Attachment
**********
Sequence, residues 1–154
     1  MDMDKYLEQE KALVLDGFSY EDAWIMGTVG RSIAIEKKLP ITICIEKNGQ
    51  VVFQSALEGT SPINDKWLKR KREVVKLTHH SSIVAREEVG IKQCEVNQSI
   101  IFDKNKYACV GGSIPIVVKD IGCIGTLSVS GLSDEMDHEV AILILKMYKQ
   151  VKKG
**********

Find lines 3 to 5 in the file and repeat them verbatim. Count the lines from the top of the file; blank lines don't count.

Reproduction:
    51  VVFQSALEGT SPINDKWLKR KREVVKLTHH SSIVAREEVG IKQCEVNQSI
   101  IFDKNKYACV GGSIPIVVKD IGCIGTLSVS GLSDEMDHEV AILILKMYKQ
   151  VKKG